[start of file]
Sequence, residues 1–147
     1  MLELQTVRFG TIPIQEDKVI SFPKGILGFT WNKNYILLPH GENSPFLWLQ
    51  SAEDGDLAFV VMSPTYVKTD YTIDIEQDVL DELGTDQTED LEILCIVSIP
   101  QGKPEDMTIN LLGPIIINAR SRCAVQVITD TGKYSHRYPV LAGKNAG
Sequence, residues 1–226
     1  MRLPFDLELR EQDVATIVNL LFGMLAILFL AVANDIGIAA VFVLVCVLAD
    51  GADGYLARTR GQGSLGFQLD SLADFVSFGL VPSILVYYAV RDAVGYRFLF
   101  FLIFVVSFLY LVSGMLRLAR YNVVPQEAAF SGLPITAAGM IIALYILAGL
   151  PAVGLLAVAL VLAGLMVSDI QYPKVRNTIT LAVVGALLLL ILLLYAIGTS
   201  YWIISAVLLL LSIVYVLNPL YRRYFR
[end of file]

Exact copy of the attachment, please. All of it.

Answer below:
Sequence, residues 1–147
     1  MLELQTVRFG TIPIQEDKVI SFPKGILGFT WNKNYILLPH GENSPFLWLQ
    51  SAEDGDLAFV VMSPTYVKTD YTIDIEQDVL DELGTDQTED LEILCIVSIP
   101  QGKPEDMTIN LLGPIIINAR SRCAVQVITD TGKYSHRYPV LAGKNAG
Sequence, residues 1–226
     1  MRLPFDLELR EQDVATIVNL LFGMLAILFL AVANDIGIAA VFVLVCVLAD
    51  GADGYLARTR GQGSLGFQLD SLADFVSFGL VPSILVYYAV RDAVGYRFLF
   101  FLIFVVSFLY LVSGMLRLAR YNVVPQEAAF SGLPITAAGM IIALYILAGL
   151  PAVGLLAVAL VLAGLMVSDI QYPKVRNTIT LAVVGALLLL ILLLYAIGTS
   201  YWIISAVLLL LSIVYVLNPL YRRYFR